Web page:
North Sails NEWS
Story Contributors: Pete Redmond
THE CAPE 31 IS CAPTIVATING SAILORS WORLDWIDE
A Project Fueled by Passion
Named after its place of origin, Cape Town, South Africa, the worldwide growth of the Cape 31 fleet all started with one man’s vision; Highland Fling owner and avid racer Lord Laidlaw. Eager to stimulate the industry and create a class for young talent, Laidlaw commissioned Mark Mills to design the first five Cape 31 hulls, of which he soon found buyers. “The promotion of events in South Africa was integral to get the class on its feet and make it attractive for people to buy and sail these boats,” Mills remarks. “Now the fleet is self-propelling, and Laidlaw has taken a step back to leave it running as a commercial operation.”
Cape 31s are 31-foot high-performance keelboats targeted at the highest level of regional/club sailing. They represent the most advanced form of production keelboat without getting into high-cost, complete carbon construction. Designer and Irishman Mark Mills of Mills Design is one of the most successful yacht designers of recent years, and he has taken the Cape 31 hull design under his wing. To date, 19 boats have been built, with 10 actively racing in Cape Town, and a growing fleet of eight boats confirmed for the UK. “I think a vacuum has been created after the peak of the Melges 32,” Mills explains. “The Cape 31 is my favorite design because it is happy in all wind ranges – great in the breeze and sails both upwind and downwind incredibly, so it will naturally succeed wherever it goes. We are seeing the result of this now in the UK.”
After witnessing the fleet’s success in South Africa, father and son duo Mike and Dave Bartholomew brought the first Cape 31 over to the UK in a container, naming her Tokoloshe III. As she whizzed around the Solent, winning all but one event in IRC last season, it did not take long for people to catch on. Volvo Ocean Race, World Match Racing Champion, and IRC/ORC World Champion Dave Swete spotted the hype and jumped onboard in October 2020 when he ‘fell in love with the boat.’ “I think there was always a gap in the market for a smaller boat that ticks all the boxes; a fantastic One Design boat which wins under IRC with a supreme boat builder behind it,” he says. “Between myself, Dave Bartholomew, and Suzy Peters, we decided to launch the class in the UK. We are proud to have got the regattas and class rule right, and all of these ingredients seem to be combining well as we are already welcoming the eighth boat to the UK fleet!”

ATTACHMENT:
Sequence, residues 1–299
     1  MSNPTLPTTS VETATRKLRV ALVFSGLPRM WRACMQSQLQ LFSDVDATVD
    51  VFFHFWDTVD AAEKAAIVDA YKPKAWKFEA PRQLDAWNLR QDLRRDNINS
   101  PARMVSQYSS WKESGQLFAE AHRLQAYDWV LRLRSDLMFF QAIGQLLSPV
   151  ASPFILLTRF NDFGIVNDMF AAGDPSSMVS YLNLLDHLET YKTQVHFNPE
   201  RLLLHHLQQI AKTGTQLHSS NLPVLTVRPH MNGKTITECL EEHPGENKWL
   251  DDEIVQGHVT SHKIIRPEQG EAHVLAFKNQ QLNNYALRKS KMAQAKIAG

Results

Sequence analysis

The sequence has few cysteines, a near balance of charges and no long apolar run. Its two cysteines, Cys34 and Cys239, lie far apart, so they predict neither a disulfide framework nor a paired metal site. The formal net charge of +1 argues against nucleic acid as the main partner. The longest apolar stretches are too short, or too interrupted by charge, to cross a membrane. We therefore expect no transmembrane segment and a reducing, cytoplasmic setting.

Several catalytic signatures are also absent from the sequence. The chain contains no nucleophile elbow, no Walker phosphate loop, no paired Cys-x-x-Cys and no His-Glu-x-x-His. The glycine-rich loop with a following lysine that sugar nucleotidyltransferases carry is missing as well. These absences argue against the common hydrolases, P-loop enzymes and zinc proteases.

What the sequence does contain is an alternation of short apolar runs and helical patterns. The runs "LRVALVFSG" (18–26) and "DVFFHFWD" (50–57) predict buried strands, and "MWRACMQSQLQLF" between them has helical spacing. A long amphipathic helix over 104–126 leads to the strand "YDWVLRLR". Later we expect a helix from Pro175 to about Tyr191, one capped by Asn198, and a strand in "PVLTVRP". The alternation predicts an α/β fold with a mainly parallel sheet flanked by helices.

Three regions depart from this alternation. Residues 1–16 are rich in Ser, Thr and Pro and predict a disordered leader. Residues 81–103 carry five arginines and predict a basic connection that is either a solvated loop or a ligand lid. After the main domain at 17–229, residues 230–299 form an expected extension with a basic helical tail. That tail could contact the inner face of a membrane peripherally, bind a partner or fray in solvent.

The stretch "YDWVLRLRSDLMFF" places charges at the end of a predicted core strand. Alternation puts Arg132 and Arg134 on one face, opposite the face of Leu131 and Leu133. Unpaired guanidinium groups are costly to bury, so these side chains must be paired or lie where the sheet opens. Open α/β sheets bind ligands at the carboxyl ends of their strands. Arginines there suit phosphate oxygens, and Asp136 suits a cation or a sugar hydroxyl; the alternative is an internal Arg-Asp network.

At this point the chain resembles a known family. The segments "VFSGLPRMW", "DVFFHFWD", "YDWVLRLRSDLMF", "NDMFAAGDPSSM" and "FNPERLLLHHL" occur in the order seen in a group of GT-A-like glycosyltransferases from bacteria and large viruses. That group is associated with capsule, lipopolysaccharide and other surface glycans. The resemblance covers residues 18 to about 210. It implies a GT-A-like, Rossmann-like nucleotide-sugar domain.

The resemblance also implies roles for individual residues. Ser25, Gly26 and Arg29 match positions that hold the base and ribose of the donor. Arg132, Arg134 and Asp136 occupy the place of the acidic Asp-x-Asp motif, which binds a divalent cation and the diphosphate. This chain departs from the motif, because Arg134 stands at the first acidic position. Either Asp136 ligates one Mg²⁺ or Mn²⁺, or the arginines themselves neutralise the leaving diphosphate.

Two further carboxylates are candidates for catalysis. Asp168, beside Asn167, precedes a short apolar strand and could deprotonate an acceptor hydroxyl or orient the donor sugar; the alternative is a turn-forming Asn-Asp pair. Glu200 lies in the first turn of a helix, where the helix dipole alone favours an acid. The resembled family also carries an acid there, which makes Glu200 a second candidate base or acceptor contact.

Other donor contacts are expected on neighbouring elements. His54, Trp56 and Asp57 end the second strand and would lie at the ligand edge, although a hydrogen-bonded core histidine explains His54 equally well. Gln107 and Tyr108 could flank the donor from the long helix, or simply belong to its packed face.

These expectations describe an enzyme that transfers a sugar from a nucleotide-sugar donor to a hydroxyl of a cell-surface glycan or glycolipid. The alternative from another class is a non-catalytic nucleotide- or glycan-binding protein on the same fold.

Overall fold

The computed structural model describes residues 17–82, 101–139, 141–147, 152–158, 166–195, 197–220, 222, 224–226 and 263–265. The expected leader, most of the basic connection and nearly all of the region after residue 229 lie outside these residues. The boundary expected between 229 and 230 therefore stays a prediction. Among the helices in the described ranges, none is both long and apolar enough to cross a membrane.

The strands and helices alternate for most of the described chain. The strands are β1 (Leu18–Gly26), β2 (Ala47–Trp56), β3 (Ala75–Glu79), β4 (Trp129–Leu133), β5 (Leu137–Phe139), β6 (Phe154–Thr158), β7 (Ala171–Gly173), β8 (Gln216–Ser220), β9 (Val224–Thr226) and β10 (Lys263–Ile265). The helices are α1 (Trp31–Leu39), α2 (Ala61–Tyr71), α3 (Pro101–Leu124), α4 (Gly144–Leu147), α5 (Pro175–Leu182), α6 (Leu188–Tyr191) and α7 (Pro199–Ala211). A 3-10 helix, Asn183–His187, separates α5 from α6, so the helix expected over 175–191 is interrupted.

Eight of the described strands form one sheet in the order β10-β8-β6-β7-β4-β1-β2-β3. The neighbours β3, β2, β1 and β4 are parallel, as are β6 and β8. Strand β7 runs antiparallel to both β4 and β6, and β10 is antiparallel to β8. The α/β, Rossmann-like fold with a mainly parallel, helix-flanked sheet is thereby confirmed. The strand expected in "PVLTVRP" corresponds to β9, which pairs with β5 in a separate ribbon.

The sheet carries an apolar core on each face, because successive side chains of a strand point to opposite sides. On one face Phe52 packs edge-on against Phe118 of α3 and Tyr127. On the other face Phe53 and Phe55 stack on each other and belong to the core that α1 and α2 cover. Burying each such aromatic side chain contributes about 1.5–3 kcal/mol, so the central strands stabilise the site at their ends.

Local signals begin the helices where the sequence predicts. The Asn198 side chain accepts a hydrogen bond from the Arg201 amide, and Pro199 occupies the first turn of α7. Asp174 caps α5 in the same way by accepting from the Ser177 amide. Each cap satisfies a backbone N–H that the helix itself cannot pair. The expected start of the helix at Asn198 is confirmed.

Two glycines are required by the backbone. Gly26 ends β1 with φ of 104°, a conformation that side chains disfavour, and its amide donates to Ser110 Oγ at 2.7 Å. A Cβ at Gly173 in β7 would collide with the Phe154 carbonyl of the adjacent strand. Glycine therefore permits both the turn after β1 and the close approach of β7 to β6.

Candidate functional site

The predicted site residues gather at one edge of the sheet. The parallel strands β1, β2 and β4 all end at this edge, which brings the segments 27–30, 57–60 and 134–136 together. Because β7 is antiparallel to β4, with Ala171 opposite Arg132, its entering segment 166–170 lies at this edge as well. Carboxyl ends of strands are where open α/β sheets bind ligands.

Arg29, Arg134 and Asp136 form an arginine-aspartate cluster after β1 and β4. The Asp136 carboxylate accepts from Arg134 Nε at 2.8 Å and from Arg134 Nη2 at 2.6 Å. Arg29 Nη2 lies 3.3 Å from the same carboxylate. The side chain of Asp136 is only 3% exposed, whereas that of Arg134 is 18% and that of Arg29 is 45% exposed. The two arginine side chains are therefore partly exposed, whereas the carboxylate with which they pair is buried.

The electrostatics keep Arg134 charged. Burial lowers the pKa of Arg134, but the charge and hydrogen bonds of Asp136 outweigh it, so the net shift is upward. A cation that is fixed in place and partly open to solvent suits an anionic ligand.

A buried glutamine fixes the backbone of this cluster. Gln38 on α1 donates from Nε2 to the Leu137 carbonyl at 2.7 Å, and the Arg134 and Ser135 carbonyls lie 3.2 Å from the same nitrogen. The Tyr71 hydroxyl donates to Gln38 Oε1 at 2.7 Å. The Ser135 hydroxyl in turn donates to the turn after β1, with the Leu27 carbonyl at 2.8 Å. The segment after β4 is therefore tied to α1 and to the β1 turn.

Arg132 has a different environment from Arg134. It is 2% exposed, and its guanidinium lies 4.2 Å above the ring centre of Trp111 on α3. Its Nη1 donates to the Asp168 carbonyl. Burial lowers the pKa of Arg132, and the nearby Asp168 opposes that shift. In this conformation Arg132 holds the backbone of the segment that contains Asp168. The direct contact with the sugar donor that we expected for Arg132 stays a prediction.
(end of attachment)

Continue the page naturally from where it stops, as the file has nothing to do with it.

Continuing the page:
Ever since the fleet’s activation in South Africa four years ago, North Sails has proudly been the sailmaker of choice. Our sail designers invested a lot of time to develop the sails from how they started as paneled class sails. North Sails Cape 31 Class Expert Pete Redmond confirms that “3Di is the optimal product for boats racing in the UK and in an IRC arena. The lightweight and durable components of 3Di allow the 31-footers to compete against a quality fleet of 40-footers in an upwind beat and dominate them downwind. The sail plan needs the ability to change depth drastically to get the most speed from both light airs and big breeze, and 3Di mainsails and jibs allow this to happen.’’
Mills adds, “For a lightweight 31-footer to win in IRC is extraordinary—and to win in a class of boats up to 9 feet bigger is historically unprecedented.”
With inquiries about the boat throughout Europe, it is no surprise that the US market is also gaining momentum with the first boat already sailing in Louisiana. Swete’s vision is to get a core group of owners together, to grow the fleet in one hit. Discussions between the UK and US fleets involve ‘meet-up’ winter events in Florida and/or the Caribbean. “Dave has enough energy to take on the US, and that gives owners a single target person to deal with,” comments Mills.
“The sail plan needs the ability to change depth drastically to get the most speed from both light airs and big breeze, and 3Di mainsails and jibs allow this to happen.”
One of the Cape 31 fleet’s original concepts is that all the boats will be bright and colorful, which the South African fleet represents well. “I’m on a mission to get the new boats, firstly in the UK, but hopefully in America afterward, to hang on to that ethos,” Mills explains, adding that it would make a nice change from more white hulls on the start line.
The Cape 31 season on the Solent will be a busy one, with six class events and three IRC events. All will offer competitive Grand Prix racing with a focus on fun both on and off the water. First up on the 21st – 23rd May is the Vice Admirals Cup, where there are enough boats to make up a class. Next is the Royal Southern Yacht Club June Regatta, where the fleet will mix with the Performance 40s. Other highlight regattas include the inaugural Royal Thames Yacht Club Invitational Regatta, and Tattinger Royal Solent Yacht Club Regatta. The season will come to a close with the UK Nationals at the Royal Yacht Squadron, but 2022 events are already in the works.
The boats are set up to sail with a crew of seven or eight, with a limit of three professionals and a weight limit of 595kg. The option to sail with eight people encourages lighter sailors onboard, thus encouraging women and families to get involved.